The goal was an unfortunate one. In every game of football there is always the possibility that you will lose. And the longer the game went on, the more confidence Haiti got. And their substitutes had a good impact on the game.

Wired868: You have never spoken much about that 8-1 loss to Canada in the Brazil 2014 World Cup qualifying campaign. What lessons are there in that defeat?

Hart: What happened with Canada is we started to lose a lot of quality. We lost Ali Gerber, who was a prolific scorer at international level, going into the qualification. And then we lost Josh Simpson who was a very dynamic wide player and gave us a lot of penetration and was just on his way to do very well in Europe. And Rob Friend was in Germany and he got injured.

Canada was not a team that scores a lot of goals but we had some good runs with those players in the side… But we were getting caught with a generation of players that were getting older. I had in the back of my mind that the players could not play the two internationals (within four days) in the qualification. But, as it turned out when we reached to play (Cuba), Dwayne De Rosario got injured and we lost not just one of your biggest players but one of your inspirations in the dressing room. And things started to fall apart.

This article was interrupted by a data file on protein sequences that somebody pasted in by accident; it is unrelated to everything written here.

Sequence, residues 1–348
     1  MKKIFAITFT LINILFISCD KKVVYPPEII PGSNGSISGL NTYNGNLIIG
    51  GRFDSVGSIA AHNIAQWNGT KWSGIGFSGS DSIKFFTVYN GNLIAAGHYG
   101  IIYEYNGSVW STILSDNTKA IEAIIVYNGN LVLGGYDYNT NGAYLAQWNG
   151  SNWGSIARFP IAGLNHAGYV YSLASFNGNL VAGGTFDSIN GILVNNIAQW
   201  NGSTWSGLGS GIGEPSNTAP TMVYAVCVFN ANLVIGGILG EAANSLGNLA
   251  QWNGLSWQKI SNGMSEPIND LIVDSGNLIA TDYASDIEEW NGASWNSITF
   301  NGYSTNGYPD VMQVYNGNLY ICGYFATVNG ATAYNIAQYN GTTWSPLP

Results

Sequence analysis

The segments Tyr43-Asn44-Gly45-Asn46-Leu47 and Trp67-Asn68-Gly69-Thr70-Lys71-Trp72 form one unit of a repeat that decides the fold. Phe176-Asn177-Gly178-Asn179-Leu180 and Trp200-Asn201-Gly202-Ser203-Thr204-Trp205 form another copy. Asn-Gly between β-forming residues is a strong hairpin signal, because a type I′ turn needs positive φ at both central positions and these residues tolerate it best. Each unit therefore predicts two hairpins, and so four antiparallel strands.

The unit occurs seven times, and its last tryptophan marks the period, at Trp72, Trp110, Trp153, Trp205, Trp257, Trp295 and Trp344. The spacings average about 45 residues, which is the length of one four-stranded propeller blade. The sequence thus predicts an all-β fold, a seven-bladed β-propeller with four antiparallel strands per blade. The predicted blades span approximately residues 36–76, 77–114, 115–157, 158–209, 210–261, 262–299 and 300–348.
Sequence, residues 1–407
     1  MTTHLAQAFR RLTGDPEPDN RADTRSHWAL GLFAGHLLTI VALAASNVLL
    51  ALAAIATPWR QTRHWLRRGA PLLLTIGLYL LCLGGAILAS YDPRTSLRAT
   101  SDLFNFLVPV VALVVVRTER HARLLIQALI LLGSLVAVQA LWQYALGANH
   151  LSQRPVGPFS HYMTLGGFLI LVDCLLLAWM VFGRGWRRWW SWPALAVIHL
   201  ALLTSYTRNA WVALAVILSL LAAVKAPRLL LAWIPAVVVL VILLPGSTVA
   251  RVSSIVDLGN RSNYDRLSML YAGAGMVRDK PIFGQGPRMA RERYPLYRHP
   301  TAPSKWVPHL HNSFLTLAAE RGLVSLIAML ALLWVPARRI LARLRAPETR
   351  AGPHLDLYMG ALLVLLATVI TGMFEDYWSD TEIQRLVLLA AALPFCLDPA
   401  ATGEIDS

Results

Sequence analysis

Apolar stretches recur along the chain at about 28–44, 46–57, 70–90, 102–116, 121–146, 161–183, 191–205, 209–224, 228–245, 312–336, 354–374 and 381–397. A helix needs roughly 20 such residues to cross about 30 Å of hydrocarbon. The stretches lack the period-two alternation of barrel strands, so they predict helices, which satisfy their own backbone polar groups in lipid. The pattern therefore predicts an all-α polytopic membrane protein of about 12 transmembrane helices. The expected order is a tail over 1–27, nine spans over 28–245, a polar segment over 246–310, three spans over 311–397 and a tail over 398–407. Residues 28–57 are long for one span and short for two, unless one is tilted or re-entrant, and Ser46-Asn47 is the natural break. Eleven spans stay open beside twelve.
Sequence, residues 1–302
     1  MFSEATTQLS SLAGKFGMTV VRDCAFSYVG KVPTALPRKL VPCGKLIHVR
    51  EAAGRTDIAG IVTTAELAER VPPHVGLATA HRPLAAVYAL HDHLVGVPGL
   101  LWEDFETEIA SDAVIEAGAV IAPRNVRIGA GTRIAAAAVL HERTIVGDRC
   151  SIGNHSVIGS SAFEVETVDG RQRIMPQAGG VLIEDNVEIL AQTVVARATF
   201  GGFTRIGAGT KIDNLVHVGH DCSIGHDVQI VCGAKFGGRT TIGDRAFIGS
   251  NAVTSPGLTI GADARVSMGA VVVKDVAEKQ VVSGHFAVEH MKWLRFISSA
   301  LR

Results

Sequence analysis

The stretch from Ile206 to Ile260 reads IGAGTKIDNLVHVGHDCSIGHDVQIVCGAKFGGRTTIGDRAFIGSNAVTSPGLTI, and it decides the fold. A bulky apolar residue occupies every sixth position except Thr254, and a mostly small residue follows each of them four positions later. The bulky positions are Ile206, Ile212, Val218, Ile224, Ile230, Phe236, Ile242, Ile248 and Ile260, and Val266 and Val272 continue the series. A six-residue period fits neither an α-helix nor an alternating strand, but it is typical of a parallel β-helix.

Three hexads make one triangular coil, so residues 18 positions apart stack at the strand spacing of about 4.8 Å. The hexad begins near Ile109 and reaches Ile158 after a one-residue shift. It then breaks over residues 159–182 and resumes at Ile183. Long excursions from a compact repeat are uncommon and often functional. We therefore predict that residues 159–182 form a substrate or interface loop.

So now I made a decision to lean on the players that I should have told I don’t think you can play the two games back to back. But because of the situation, I leaned. And it did not work out.

A lot of people said a lot of things but we played seven games and only gave away about three goals in that period. And then in one game, we collapsed mentally and physically. We completely collapsed.

It is funny because, when we played Honduras in Canada, we had 13 or 15 shots at Honduras and they had one and we ended up tying the game (0-0). And I remember Atiba Hutchinson walking off and saying to me ‘I hope this game doesn’t come back to haunt us’. We should have buried them… And then we go down there and they have 13 shots for the entire game and score eight. It was unexplainable.

And as a coach, just like (against) Haiti, you have to accept the responsibility. It is your team, so you accept the responsibility.

Wired868: What do results like that mean to coaches? Is there a feeling of impotence or doubt?

Hart: We have seen Manchester United get six, Arsenal get seven and (Manchester) City get five and six. Roma get seven, Jose Mourinho got five. There are games like that.

Now you go in the dressing room and you are faced with two decisions. And this was the big decision in Honduras (when Canada needed a point but trailed 4-0 at halftime). I could have said ‘save face, batten down the hatches and keep it at four’. But I thought that was a betrayal to football and the Canadian public.

There were players in the dressing room (at halftime) who were saying we need to have damage control. And I said: ‘No, what we need now is to go out there and show the public that we will at least fight to bring some respectability back into the game’.